Rabbi Meir was a disciple of Rabbi Akiba. He was called Rabbi Meir because he enlightened the Sages with his great scholarship. (Meir comes from the word "Or" light). He belonged to the third generation of Tannaim after the destruction of the Beth Hamikdash. He lived at the time of the second Rabbi Simeon ben Gamliel, and his son Rabbi Judah the Prince, who gathered the teachings of all the Sages and arranged them in six volumes, known as the Mishnah.

Rabbi Meir lived in troubled times, at the time of the destruction of Bethar. Scholars were severely persecuted in his time. Before his very eyes, the cruel Romans murdered his illustrious teacher, Rabbi Akiba, whose flesh they combed with iron combs until he delivered up his soul to his Creator for the Sanctification of His Name. Rabbi Meir's father-in-law, the great Tanna, Rabbi Hanina ben Tradyon, met a similar fate, being burnt alive. (These were two of the unforgettable Ten Pious Sages killed by the Romans.)

When the persecution against the Sages was being carried out, Rabbi Meir fled to Babylon. Later, however, when Anthony Pius ascended the Roman throne and put a stop to the oppression, Rabbi Meir returned to Eretz Yisroel. He amazed his colleagues with his learning. It was said of Rabbi Meir that "whoever saw him studying the holy Torah, got the impression that he was tearing up mountains and grinding them to dust upon each other." His colleague Rabbi Jose said about him: "He is a great personage, a holy and humble man."

Rabbi Meir had a beautiful handwriting. He earned three ducats a week. One ducat he used to sustain himself and his family; another he used for clothes, and with the third he supported poor Torah scholars. Rabbi Meir's wife was called Beruriah. She was the daughter of Rabbi Hanina ben Tradyon and was famous for her knowledge of the Torah, her great piety and wisdom.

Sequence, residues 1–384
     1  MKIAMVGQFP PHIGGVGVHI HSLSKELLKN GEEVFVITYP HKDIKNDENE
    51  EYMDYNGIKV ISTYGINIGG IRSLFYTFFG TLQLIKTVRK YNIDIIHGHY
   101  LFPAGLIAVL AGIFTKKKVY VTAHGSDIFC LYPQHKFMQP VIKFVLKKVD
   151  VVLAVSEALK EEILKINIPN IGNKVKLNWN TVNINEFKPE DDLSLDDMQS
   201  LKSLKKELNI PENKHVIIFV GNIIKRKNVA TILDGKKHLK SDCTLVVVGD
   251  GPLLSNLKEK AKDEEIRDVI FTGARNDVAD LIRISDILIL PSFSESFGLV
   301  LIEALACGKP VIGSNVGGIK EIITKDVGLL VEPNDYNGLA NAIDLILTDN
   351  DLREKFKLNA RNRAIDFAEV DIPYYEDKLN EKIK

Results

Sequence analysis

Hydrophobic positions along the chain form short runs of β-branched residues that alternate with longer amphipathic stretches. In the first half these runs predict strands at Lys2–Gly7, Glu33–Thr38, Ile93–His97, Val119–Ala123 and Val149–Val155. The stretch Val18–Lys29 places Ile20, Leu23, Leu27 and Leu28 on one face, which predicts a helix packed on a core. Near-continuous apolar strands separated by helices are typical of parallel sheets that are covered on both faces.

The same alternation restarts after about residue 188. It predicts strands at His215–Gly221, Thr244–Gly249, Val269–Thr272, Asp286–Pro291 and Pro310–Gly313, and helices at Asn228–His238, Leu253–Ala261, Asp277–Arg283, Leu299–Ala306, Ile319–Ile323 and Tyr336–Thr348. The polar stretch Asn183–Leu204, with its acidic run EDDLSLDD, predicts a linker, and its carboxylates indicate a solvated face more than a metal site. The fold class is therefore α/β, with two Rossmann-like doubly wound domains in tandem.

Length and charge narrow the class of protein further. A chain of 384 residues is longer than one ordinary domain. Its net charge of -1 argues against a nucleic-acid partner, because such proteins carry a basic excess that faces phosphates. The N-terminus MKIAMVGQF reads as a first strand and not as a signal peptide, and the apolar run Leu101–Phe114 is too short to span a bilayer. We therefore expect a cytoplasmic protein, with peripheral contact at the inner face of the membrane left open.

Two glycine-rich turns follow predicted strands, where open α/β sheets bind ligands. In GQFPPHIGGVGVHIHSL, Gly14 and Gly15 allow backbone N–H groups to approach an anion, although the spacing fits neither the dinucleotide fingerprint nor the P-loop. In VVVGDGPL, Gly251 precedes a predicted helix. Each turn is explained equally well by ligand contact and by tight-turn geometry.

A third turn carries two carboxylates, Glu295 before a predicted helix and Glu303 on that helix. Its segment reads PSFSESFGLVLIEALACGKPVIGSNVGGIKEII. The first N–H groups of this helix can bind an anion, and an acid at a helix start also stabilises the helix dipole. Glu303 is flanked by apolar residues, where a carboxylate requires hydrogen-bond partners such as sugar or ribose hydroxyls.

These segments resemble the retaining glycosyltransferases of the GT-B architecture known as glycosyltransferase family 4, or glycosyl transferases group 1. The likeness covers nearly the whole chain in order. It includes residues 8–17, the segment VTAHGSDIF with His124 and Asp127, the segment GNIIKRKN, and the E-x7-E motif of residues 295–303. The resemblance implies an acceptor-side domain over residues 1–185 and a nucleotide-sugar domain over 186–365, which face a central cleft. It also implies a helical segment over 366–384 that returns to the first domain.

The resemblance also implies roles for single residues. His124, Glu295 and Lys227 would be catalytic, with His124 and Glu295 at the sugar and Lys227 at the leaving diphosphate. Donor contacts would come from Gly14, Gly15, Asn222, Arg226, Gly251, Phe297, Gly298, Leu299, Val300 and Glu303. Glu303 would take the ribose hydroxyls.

At one time, some disorderly people moved in as Rabbi Meir's neighbors, and caused him much trouble to such a degree, that Rabbi Meir was ready to pray that G‑d should make them die. Beruriah said to him: "One should despise the sins of the wicked people, but not the people themselves, as King David said. It would be more correct to pray that they should improve their ways." Rabbi Meir took her advice and G‑d accepted his prayer. Rabbi Meir's neighbors became pious kind-hearted people.

Rabbi Meir introduced many laws. Wherever we find a Mishnah where a law is stated with no name mentioned, we know that it is Rabbi Meir's Mishnah. Rabbi Meir used to make parables to help explain his ideas. Many people found his wise sayings an aid in their daily lives. For example, Rabbi Meir remarked that everyone should teach his child an honest trade, but one must bear in mind that it is not the person's job that makes him rich or poor, but that the Almighty provides him according to his merits.

"Great is the power of Repentance!" exclaimed Rabbi Meir. It not only saves the person himself, but it can also be instrumental in saving the whole world.

"If you have friends who praise you, and others who reproach you, hold dear those who reproach you . . . ." These and many other sayings of Rabbi Meir are to be found in the Talmud and Midrash.

Rabbi Meir used to travel a lot, both in Eretz Yisroel and outside Eretz Yisroel. When the Sanhedrin (Supreme Court) was once again set up in Usha under the leadership of Rabbi Simeon ben Gamliel the Prince, Rabbi Nathan was appointed Head of the Court and Rabbi Meir was appointed Haham - Sage. Later on he lived in Tiberias and he visited many other towns. In one town, which he visited before Purim, he found that they had no Megillah, so, being a Scribe, Rabbi Meir wrote the complete Megillah by heart and read it for the Jews of that town.

Rabbi Meir died at a ripe old age. He even attended the wedding of the son of Rabbi Judah the Prince.

Rabbi Meir lived about 1,800 years ago, but he is still very much alive among the many Yeshivah students and Torah scholars, who mention his name many times a day in their study of the holy Torah.